COP27 delivers breakthrough agreement on climate funding

The Caribbean’s appeal and reminder to help vulnerable countries mitigate the effects of climate change has been heard.

This year’s U.N. summit on climate change delivered a promise to create a climate fund on Sunday, a hard-fought deal made by countries despite the lack of ambition to address the emissions causing them.

In a report by Reuters, delegates were “worn out” after the intense overnight negotiations on the historic deal that “marked a diplomatic coup for small islands and other vulnerable nations in winning over the 27-nation European Union and the United States,” countries that had been evading the idea because of the fund might subject them to “legal liability for historic emissions.”

The breakthrough agreement emphasized on the “loss and damage” funding for vulnerable countries hit hard by climate disasters.

“This outcome moves us forward,” said Simon Stiell, UN Climate Change Executive Secretary. “We have determined a way forward on a decades-long conversation on funding for loss and damage – deliberating over how we address the impacts on communities whose lives and livelihoods have been ruined by the very worst impacts of climate change.”

Before the COP27 in Egypt, Caribbean leaders gathered in Nassau, The Bahamas to discuss about climate change and how it impacts small countries such as those in the region that have always been visited by strong typhoons and hurricanes.

In a speech last August, Bahamian PM Philip Davis called on his fellow state leaders to make their voices heard at the climate summit.

“If we advance our interests merely as individual Small Island Developing States, our voices will be dispersed, unable to be heard above louder, wealthier, carbon-producing interests,” he said as reported by Reuters.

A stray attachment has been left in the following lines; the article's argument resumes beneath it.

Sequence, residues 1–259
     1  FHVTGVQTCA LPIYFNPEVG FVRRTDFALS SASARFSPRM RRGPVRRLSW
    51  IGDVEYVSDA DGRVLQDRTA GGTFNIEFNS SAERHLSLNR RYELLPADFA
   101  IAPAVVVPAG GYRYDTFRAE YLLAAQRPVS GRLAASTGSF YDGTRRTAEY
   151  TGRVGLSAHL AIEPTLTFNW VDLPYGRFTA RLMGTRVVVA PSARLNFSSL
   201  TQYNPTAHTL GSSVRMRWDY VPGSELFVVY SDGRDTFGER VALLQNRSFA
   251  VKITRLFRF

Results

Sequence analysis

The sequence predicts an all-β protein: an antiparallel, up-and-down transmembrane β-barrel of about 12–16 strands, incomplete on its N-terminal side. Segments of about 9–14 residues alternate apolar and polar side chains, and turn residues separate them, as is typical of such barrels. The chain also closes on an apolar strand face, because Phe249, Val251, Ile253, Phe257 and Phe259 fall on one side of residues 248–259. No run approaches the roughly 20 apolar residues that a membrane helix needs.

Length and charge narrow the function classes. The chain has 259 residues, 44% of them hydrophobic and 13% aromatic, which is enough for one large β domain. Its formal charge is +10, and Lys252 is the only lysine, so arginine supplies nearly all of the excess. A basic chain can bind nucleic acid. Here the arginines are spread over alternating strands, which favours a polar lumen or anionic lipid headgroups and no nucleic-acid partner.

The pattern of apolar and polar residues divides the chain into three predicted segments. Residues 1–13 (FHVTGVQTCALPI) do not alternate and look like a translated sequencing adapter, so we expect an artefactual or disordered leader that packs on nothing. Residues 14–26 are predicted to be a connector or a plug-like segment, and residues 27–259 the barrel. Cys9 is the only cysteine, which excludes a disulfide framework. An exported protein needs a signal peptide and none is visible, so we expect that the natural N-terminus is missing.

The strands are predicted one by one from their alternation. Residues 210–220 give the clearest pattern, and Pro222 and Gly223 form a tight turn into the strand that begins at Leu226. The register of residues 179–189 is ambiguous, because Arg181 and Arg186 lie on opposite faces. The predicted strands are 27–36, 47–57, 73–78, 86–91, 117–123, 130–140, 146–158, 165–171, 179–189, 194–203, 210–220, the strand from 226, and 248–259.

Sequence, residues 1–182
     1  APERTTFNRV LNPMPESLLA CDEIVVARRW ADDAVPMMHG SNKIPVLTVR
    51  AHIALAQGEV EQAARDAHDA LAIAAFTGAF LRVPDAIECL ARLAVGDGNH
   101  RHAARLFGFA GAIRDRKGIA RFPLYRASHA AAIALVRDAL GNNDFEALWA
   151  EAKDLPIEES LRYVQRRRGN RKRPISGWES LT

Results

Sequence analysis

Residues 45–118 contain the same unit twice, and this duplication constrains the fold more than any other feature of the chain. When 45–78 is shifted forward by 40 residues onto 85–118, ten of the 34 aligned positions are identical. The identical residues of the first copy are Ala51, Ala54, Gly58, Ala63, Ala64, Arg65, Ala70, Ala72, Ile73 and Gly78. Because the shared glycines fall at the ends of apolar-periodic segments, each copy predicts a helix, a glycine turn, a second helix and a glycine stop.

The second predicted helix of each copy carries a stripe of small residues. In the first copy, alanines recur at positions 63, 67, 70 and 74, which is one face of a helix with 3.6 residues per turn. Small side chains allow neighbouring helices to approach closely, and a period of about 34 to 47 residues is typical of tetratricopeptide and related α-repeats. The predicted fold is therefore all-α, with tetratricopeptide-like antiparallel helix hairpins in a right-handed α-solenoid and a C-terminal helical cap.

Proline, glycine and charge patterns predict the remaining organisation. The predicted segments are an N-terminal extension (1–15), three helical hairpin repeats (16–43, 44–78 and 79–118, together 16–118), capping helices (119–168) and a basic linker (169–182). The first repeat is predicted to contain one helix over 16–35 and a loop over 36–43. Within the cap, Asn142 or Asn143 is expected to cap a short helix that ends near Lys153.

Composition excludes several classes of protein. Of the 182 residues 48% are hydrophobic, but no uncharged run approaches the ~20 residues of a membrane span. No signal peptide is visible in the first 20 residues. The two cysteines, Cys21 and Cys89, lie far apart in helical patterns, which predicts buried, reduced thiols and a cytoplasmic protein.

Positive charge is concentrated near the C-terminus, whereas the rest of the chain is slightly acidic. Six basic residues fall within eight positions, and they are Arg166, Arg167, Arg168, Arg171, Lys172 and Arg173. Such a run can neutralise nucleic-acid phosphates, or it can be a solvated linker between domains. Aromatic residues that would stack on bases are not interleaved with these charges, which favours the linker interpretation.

The “loss and damage” funding deal was “widely lauded as a triumph” for responding to the devastating impact that global warming is already having on vulnerable countries, Reuters reported, but the summit failed to address the issues on the use of fossil fuel.

Some islands in the Caribbean, such as Dominica and Saint Vincent & the Grenadines, are switching to renewable energy.

Dominica leads this pack according to U.N.’s ECLAC 2016 report, with renewables accounting for 28 per cent of electricity generation. At present, the country is building its geothermal plant to provide power the entire island.

Dominica hopes to become the world’s first climate-resilient nation, and several projects have been underway to meet these goals, either funded by international organizations and countries, or the Citizenship by Investment (CBI) programme of the country.

The island’s Housing Revolution Programme, for example, has provided more than 2,000 Dominican families with climate-resilient houses and continues to do so. Its government has entrusted MMC Development Ltd., the developing arm of UAE-based company Montreal Management Consultants to oversee the remaining eight residential projects in the island, along with infrastructure projects on health care, transportation, and education.

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